Although there has been some criticisms toward the Bitcoin Scaling Agreement presented by Digital Currency Group and 56 other companies that represent approximately 83.3 percent of the network’s hashing power as reported by CCN.com, the industry has learned two important takeaways from the aftermath of the agreement: majority support for Segregated Witness (Segwit) and the necessity of consulting the Bitcoin Core development team for accurate projections and plans.
One major criticism toward the Bitcoin Scaling Agreement was the unrealistic deadline proposed by the 57 companies and miners. According to Bitcoin Core developer Greg Maxwell, Segwit as proposed on the Bitcoin Scaling Agreement can’t be activated by September with a changed activation threshold.
On December 21, 2015, Bitcoin Core developers Pieter Wuille and Eric Lombrozo, along with Johnson Lau authored Bitcoin Improvement Proposal (BIP) 141, introducing Segwit as a soft fork. Segwit’s initial activation threshold was set at 95 percent and designed to timeout or expire at midnight of November 15, 2017.
In a statement, Maxwell explained that in order for Segwit with an 80 percent activation threshold to be activated, the current proposal of Segwit has to timeout or expire, meaning that the industry and mining community would have to wait until November 15 to newly execute Segwit with a different activation threshold.
“Redeployment of segwit basically can’t happen until the old deployment expires. The reason for this is because for simplicity and safety reasons all segwit supporting versions of Bitcoin only have segwit code paths for the most part… e.g. there isn’t separate handling for segwit and non-segwit txn. Segwit’s current non-activation is achieved by a very minimal set of tweaks on top of that.”
More importantly, Maxwell noted that the initiators of the Bitcoin Scaling Agreement should have consulted the Bitcoin Core development team to ensure that there exists no technical roadblocks that could further delay the activation of both the current and newly introduced Segwit proposals.
Despite the conflict between the Bitcoin Core development team and the corporations behind the Bitcoin Scaling Agreement, the community has discovered that at least 83.3 percent of the miners, including Bitmain, which was one of the few miners that was wholly against the plan of activating Segwit, are in fact in support of Segwit.
Furthermore, Bitcoin Core developer Eric Lombrozo met with Digital Currency Group and its founder Barry Silbert to discuss Segwit and make significant progress in bitcoin scaling.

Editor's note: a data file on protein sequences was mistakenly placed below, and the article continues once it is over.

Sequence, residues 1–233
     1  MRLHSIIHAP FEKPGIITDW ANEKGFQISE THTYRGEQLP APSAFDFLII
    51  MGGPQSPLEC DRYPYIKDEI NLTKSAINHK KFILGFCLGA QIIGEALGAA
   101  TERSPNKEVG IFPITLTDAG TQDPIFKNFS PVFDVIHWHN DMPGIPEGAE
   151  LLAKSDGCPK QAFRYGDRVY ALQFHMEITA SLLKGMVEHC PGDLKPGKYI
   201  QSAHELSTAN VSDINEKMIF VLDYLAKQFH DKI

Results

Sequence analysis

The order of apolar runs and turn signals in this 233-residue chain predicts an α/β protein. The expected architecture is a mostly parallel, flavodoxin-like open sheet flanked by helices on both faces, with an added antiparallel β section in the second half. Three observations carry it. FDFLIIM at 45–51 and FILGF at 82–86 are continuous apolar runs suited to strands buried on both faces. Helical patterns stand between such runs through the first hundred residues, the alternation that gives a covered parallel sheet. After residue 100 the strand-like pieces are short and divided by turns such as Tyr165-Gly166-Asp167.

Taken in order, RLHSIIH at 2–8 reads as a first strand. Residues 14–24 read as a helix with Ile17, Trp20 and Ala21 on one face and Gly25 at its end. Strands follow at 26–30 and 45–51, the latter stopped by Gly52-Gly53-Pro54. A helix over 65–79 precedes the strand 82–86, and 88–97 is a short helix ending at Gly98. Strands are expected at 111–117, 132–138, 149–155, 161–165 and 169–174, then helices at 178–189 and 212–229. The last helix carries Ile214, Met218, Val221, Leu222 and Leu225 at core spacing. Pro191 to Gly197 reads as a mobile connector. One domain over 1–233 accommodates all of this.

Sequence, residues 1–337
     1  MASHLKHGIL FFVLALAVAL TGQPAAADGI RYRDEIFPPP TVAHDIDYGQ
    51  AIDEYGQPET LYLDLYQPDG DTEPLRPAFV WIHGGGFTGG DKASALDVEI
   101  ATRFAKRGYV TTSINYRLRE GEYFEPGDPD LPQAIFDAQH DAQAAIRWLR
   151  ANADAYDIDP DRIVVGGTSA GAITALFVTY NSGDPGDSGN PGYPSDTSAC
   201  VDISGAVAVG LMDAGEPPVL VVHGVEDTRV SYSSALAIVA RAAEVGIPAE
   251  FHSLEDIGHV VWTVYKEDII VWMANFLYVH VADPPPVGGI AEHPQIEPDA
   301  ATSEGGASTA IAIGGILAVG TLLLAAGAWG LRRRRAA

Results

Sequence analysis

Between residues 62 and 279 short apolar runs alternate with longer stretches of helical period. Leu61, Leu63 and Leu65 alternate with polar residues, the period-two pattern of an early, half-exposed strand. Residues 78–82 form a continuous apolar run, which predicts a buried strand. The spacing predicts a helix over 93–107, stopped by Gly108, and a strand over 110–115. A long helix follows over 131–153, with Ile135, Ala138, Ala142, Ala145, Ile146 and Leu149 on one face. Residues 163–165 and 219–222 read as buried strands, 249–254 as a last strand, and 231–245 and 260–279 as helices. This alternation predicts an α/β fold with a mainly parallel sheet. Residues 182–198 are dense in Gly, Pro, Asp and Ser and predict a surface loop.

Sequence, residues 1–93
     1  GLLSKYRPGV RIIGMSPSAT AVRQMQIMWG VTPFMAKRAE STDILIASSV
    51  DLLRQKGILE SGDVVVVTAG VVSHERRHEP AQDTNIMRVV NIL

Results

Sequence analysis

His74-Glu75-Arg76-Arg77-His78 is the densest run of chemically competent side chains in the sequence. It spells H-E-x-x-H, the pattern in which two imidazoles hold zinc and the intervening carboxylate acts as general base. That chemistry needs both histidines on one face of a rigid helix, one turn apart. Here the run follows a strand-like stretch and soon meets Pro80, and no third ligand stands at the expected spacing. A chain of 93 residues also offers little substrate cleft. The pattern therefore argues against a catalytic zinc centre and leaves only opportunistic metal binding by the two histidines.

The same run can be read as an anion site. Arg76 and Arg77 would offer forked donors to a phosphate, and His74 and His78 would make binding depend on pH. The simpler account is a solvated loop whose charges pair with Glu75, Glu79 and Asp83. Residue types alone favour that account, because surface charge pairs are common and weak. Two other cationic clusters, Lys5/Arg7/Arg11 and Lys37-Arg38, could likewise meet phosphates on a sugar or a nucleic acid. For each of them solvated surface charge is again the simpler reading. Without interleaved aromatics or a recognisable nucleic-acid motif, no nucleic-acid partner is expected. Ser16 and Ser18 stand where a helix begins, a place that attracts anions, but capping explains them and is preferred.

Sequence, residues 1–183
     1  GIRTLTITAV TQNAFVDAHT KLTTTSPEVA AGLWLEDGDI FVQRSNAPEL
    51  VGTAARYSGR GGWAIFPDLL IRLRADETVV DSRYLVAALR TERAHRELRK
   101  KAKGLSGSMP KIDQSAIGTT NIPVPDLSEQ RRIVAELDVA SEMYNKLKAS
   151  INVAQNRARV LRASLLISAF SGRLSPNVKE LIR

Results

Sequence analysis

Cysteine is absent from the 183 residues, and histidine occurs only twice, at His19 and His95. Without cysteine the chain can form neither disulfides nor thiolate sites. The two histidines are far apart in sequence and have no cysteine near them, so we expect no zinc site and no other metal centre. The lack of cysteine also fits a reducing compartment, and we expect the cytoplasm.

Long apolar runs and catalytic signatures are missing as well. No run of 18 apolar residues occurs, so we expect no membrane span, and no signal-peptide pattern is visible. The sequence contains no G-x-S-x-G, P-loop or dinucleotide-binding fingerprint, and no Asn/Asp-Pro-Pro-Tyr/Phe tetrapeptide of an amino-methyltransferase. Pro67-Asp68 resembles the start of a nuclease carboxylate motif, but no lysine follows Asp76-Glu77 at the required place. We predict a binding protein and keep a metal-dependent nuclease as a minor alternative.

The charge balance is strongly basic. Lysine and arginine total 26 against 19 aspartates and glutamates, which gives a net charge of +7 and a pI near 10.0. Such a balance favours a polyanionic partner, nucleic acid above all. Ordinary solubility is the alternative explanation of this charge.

Such enthusiasm and optimism toward Segwit led experts including former BTCC executive and current Blockstream chief strategy officer Samson Mow to advocate for a user-activated soft fork (UASF) and some others to express their support toward the original BIP 141.
“So it’s clear that all anti SegWit propaganda was purely FUD & politics. This makes the case for UASF stronger than ever,” said Mow.
Trace Mayer, prominent bitcoin investor who has funded bitcoin startups including Armory, Bitpay & Kraken, emphasized the importance of activating Segwit by demonstrating the rapidly rising fee market within Bitcoin. According to Mayer, the average transaction fee per bitcoin transaction is over $3 and based on data provided by Blockchain, transaction fees have increased by around 5 times over the past few months.
Evidently, the Bitcoin network needs to scale quickly in order to address the rapidly rising daily transaction volume and number of users. However, the industry has seen more progress with scaling in the past few weeks than it did over the past five months.
Mayer noted in his statement that Bitmain has been responsible for delaying the activation of Segwit. However, the Bitcoin Scaling Agreement revealed that Bitmain is in support of activating Segwit if the 2MB hard fork execution plan is guaranteed. With a compromise like a 2MB hard fork, Bitcoin will most likely be able to scale appropriately soon.
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Last modified: July 2, 2020 8:19 PM UTC